https://www.wolframalpha.com/input/?i=c ... 697%2F1200
and look at the denominators.

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Re: general methods for linear temperament notation

Post by cmloegmcluin »

Dave Keenan wrote: Thu Mar 18, 2021 12:27 pm You can use whatever brackets you want, so long as you spell out what they mean in your particular context.
What I'm hearing is: vectors and matrices are sufficiently fundamental mathematical tools that it would be silly to attempt — even within the microtonal music domain — to standardize certain formats for certain applications and other formats for other applications. It would be of comparable silliness to asking people to, let's say, flare the edges of their vinculums when they are used for interval ratios as opposed to pitch ratios.

I think I get it then. Alright.

One of my takeaways from this is that I never want to see angle brackets again. And I may need to rig these ⎡ ⎤ ⎣ ⎦ characters up in WinCompose.
But the period is also a generator. It's only special because it's chosen so you can make up the (possibly approximate) interval-of-equivalence by using it alone.

...

You'd do better to call them P G1 G2 ... so P can also be considered as G0.
Understood. I see that my poor decision to assign the first generator after P to G0 may have given you the impression I didn't.
No I wasn't suggesting putting anything after each individual number. As per my example in quotes, I suggest putting the word "generators", or the abbreviation "gens", or even just a big "G", after the whole vector.
That's not bad.
"prime exponent vectors", "generator count vectors" and "mappings" (or "mapping matrices").
We use prime exponent vector together a lot. I'm comfortable enough with that I see through it as a synonym for monzo.

I think I'll do a renaming in the Sagittal code away from monzo and val then. It's the kind of thing that's so fundamental to the code that I cannot accept a three-word, nineteen-character long name. But I suppose "pev" will do, an acronym treated as if it's a word. That even buys us back a couple characters :)
Saying "column vector" in linear algebra is redundant. All vectors are columns. If it's a row, its a matrix, or a "linear form". But because we've gotten it all mixed up with exterior algebra terminology and notation, thanks to Gene, I felt I had to add "column" to be clear here.
Got it.
And an equal temperament's (rank-1) matrix would always just have a single row. In that case perhaps you're not changing anything about my understanding about any of this works, just renaming everything.
I wouldn't be renaming everything. I'd be un-renaming them. Those were the terms we were using before Gene turned up and renamed them in an obscure manner. And now we even have people who should know better, like Mike, calling something a monzo just because it's a vector.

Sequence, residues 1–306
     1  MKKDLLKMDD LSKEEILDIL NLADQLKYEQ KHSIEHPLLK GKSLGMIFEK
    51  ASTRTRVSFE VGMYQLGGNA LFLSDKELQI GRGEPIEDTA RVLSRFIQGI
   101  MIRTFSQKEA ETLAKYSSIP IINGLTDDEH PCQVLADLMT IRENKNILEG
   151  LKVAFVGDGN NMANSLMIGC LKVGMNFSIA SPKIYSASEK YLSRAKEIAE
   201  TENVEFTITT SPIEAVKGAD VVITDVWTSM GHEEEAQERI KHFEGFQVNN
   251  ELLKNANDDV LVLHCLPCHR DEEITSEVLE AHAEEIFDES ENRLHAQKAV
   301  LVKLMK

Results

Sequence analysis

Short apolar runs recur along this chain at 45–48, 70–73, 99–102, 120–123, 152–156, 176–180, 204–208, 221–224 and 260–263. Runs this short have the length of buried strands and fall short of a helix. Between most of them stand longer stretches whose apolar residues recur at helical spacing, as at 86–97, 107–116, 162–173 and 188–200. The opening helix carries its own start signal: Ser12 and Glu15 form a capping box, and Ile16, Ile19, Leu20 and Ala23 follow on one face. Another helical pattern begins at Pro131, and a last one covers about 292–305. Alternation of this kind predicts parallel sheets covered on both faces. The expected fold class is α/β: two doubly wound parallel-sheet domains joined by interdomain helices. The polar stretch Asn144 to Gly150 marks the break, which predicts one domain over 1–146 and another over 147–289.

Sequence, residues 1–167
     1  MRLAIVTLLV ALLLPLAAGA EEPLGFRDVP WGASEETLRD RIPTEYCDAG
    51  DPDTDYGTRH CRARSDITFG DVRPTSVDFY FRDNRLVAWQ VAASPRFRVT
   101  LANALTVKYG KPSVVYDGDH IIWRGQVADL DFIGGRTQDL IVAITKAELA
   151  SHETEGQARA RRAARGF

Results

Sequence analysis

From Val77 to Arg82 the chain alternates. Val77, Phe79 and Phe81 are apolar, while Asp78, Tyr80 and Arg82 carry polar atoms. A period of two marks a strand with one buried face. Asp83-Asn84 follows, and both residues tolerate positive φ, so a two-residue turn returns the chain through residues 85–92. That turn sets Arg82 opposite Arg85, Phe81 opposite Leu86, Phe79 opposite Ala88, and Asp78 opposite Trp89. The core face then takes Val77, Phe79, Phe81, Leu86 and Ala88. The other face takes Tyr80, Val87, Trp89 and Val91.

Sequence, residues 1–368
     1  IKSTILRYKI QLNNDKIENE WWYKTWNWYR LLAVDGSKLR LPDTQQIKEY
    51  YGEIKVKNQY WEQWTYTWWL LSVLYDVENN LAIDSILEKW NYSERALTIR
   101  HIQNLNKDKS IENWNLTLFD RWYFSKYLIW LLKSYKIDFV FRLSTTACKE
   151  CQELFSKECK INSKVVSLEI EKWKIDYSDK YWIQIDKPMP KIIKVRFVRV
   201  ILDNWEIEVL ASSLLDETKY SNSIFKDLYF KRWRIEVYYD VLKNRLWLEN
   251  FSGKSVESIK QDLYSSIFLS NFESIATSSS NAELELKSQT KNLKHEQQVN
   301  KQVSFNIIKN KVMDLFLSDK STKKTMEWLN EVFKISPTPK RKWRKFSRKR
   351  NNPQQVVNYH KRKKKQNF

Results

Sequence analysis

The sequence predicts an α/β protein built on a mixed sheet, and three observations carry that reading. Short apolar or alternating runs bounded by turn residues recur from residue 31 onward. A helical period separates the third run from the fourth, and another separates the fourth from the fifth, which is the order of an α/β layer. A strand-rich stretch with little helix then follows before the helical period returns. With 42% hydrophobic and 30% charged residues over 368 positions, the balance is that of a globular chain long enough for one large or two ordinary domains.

Okay, now I see why you were unhappy to see "tempered monzo" in Mike's writing.
We should ask Joe Monzo what a monzo is.
What do you mean by this?
And the word "val" wasn't some pre-existing math term that Gene applied. It's just a word Gene made up — to replace the already perfectly serviceable word "mapping", which can be shortened to "map" if you really need it to be one syllable and 3 letters.
I'll take "mapping" for the code to avoid confusion with lower-level map operations in the code.
And "patent val"? "Patent" here just means "obvious". The "patent val" was previously called the "standard mapping".
I was previously aware you weren't a fan of that term, yes. Standard mapping is better.
That's because ...

OK. Not quite true. You have to also...
Thanks for trying, but my head's still spinning.
To get the step sizes...
That sounds like it's the answer assuming octave-equivalence. I can handle that case already without much trouble. Where I'm lost is when you've got two different generators. My gut says that 2×3 matrix describes a couple ranges of cent sizes for the two generators which you get to apportion between them.
If you want to know what numbers of notes give you a distributionally-even scale...
Thanks, yeah, I do know that trick.

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Re: general methods for linear temperament notation

Post by Dave Keenan »

cmloegcmluin wrote: Thu Mar 18, 2021 2:08 pm We use prime exponent vector together a lot. I'm comfortable enough with that I see through it as a synonym for monzo.
That's hilarious, in a sad kind of way — that you have to see "through" a term that is self-explanatory to one that is arbitrary. But presumably, someone who had never had to learn the meaning of the arbitrary word, wouldn't have that problem.

BTW, Lots of people used prime exponent vectors to represent frequency ratios before (or independent of) Joe Monzo, including myself before I learned of the tuning list. It's kind of an obvious move if you've learned linear algebra, or if you draw JI lattices, as they are just the coordinates of the points on a JI lattice.